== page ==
4. 4. Use of Telematics and IoT • Consumers will know more about food – As customers demand more information about where their food comes from, GMOs and how it was grown or raised, food supply chain operators must comply in order to remain competitive. – These operations will use a variety of technology solutions including RFID, WMS, ERP, manufacturing execution systems, automated data collection technologies, temperature recorders and more to compile and store a detailed audit trail down to the ingredient level. – This information will also be used to comply with evolving food legislation from regulatory bodies such as the FDA.
  5. 5. Rebounding Rail Transport • In an effort to regain market share in the food logistics sector many localities are investing in and completing comprehensive rail network and infrastructure upgrades. • This will help rail transport operations to capture more intermodal business transporting consumers goods, fresh & frozen goods, and beverages. • One example of rebounding rail transport is the Florida East Coast Railway which has upgraded all 351 miles of rail to make transporting fresh fish items up and down the coast. https://issuu.com/supplydemandchainfoodlogistics/docs/flog1215 - Pg 18
  6. 6. 3rd Party/Private Courier Delivery • Referred to as the “B2B Sharing Economy” by , this trend brings smaller 3rd party delivery services into the mix. • Private courier services such as UberFRESH and UberEATS will deliver groceries and restaurant orders directly to consumers’ doors. While this is often more expensive for consumers because it eliminates the economy of scale, it does provide an added level of convenience which can be highly desirable for busy consumers. • These services are frequently being implemented in large, densely populated cities such as New York and Boston.
  7. 7. Rising Imports and Exports • Supply chain globalization is increasing across the board due to the development of more favorable trade agreements. This is leading to significant investment in reefer infrastructure by major ocean carriers. • In order to maintain the integrity of food inventory ,ocean carriers are also planning to invest in new and improved refrigeration technologies such as non-ozone depleting CO2 instead of the existing synthetics. These will regulate temperature more reliably while also reducing emissions.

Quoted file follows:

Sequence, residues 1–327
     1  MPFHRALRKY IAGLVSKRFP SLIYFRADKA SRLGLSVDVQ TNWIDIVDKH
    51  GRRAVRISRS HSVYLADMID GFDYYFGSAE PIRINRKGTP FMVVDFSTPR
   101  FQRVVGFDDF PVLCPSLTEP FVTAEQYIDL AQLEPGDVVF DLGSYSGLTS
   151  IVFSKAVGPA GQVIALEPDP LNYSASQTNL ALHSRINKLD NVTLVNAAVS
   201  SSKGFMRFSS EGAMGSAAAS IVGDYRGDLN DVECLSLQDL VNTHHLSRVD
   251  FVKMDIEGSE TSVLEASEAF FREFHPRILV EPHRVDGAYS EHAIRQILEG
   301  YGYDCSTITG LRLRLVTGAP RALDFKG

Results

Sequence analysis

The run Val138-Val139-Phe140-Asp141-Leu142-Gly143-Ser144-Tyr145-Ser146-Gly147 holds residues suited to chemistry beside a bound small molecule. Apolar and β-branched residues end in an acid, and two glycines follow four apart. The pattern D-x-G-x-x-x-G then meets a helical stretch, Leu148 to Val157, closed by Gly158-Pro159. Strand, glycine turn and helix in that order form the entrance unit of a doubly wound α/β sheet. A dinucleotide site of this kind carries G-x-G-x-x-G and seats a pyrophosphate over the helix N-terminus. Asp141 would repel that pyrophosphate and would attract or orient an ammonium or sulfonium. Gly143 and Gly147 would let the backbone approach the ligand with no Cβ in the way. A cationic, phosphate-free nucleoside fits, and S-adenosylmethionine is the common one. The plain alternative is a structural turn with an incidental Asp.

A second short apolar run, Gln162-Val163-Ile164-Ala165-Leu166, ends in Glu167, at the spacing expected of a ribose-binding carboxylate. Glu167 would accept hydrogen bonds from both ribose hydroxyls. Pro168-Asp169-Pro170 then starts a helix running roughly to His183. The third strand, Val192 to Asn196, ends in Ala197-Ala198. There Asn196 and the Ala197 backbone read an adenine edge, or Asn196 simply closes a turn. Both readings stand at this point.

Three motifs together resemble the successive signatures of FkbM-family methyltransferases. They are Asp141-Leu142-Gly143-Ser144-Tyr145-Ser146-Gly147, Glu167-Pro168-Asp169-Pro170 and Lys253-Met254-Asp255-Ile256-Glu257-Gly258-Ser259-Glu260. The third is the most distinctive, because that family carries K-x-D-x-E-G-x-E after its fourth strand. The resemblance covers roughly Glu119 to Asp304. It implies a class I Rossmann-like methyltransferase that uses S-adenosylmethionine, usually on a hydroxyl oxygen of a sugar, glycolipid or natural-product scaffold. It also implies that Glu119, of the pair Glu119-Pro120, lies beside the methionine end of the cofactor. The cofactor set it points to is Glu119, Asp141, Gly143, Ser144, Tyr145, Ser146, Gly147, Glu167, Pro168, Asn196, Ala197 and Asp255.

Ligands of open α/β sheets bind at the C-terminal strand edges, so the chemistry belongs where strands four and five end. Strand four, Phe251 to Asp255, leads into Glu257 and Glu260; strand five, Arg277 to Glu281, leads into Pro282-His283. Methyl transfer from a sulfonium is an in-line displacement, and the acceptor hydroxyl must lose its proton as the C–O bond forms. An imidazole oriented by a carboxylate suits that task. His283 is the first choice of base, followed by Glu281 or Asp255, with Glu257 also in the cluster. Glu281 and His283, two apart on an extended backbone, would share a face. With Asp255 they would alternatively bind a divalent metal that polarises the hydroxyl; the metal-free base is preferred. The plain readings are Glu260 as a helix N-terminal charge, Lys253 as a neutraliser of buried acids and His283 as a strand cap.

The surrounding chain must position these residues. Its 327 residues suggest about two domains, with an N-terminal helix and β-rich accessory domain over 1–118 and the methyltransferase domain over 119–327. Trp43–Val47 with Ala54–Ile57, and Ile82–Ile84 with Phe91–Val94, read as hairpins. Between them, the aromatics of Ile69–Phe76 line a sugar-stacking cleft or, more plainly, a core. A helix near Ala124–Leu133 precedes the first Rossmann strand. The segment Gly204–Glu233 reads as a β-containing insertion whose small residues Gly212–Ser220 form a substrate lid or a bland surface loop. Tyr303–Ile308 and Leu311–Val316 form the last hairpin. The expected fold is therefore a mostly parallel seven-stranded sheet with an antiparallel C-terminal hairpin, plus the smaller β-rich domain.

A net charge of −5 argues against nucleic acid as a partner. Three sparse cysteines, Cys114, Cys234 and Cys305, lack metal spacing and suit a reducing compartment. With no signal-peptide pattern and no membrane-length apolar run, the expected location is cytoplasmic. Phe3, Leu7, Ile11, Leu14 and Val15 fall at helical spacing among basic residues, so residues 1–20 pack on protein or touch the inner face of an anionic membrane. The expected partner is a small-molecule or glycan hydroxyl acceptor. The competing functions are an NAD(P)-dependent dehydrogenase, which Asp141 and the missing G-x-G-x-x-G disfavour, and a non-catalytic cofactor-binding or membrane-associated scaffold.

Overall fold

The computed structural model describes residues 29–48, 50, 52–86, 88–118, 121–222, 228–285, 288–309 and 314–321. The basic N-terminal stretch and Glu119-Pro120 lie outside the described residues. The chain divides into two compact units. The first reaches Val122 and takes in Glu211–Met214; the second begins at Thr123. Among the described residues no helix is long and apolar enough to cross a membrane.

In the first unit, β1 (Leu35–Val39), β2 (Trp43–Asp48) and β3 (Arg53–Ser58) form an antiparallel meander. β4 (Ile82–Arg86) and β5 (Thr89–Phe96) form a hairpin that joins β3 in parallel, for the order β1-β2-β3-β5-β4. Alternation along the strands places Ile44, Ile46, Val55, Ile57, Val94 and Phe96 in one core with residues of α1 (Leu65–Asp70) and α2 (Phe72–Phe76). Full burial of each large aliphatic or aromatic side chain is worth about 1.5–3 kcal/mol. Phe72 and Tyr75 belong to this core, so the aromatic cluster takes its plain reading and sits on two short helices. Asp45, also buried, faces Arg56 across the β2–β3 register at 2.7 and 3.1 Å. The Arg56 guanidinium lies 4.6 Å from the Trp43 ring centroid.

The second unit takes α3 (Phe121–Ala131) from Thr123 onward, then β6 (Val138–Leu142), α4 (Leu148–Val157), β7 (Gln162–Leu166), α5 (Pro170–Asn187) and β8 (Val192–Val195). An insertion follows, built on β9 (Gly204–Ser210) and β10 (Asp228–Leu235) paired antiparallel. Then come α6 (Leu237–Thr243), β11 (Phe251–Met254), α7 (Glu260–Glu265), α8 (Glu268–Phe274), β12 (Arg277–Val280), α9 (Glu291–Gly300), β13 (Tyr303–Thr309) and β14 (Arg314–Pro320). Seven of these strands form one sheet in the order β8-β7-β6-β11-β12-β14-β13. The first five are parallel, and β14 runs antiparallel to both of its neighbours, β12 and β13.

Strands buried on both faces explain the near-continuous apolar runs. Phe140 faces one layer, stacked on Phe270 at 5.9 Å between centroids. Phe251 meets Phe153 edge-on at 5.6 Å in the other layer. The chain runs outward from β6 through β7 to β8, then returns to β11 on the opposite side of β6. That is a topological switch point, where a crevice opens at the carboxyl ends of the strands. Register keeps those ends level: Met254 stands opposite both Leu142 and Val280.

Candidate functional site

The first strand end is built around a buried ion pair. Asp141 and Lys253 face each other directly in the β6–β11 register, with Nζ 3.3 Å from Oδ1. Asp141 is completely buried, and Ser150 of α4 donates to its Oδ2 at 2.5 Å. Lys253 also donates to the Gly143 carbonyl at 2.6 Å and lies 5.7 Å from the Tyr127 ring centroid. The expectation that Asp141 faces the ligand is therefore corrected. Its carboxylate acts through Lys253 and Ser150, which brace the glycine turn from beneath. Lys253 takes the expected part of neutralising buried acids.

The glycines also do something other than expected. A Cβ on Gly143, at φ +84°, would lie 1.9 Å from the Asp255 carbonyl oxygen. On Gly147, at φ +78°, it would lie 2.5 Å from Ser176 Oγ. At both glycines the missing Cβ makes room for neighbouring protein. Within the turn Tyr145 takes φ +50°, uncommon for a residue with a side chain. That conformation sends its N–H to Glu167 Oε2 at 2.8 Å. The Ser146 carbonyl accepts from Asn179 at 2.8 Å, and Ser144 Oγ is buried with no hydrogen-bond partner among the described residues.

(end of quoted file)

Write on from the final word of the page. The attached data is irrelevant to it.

8. 8. Rising D2C Delivery & Online Shopping • The growing popularity of organics has changed the way that consumers eat and it will lead to many also changing the way they shop. • Services such as Blue Apron and Hello Fresh are changing the nature of the food supply chain as they deliver directly to consumer homes without ever stepping foot in a grocery store. • In order to keep pace many grocers will begin to offer D2C delivery and a variety of click-and-collect options. This will require further development of existing distribution networks.
  9. 9. Conclusion • Lara L. Sowinski, editor-in-chief of Food Logistics Magazine wrote “The global food supply chain is arguably one of the most vibrant industries operating today… There is not one aspect of the global food supply chain that is untouched by transformations taking place in agriculture, weather and climate change, regulatory compliance, labor, consumer preferences, sustainability, technology and retailing.” • All of these factors are significantly impacting the way that the food supply chain operates and will continue to do so in the years to come as technology, consumers and regulations evolve.
  10. 10. Learn more about technology designed to improve food supply chain and logistics operations. Talk to a Datex expert about your technology needs: 800.933.2839